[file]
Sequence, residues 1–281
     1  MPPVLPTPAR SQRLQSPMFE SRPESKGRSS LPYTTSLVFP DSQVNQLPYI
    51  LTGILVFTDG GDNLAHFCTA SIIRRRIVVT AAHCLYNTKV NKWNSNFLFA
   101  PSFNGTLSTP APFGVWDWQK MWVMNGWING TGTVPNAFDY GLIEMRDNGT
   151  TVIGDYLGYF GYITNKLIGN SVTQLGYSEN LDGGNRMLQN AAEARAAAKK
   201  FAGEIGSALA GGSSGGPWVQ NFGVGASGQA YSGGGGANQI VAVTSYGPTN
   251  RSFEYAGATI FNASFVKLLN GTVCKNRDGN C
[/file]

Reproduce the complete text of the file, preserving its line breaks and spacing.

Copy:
Sequence, residues 1–281
     1  MPPVLPTPAR SQRLQSPMFE SRPESKGRSS LPYTTSLVFP DSQVNQLPYI
    51  LTGILVFTDG GDNLAHFCTA SIIRRRIVVT AAHCLYNTKV NKWNSNFLFA
   101  PSFNGTLSTP APFGVWDWQK MWVMNGWING TGTVPNAFDY GLIEMRDNGT
   151  TVIGDYLGYF GYITNKLIGN SVTQLGYSEN LDGGNRMLQN AAEARAAAKK
   201  FAGEIGSALA GGSSGGPWVQ NFGVGASGQA YSGGGGANQI VAVTSYGPTN
   251  RSFEYAGATI FNASFVKLLN GTVCKNRDGN C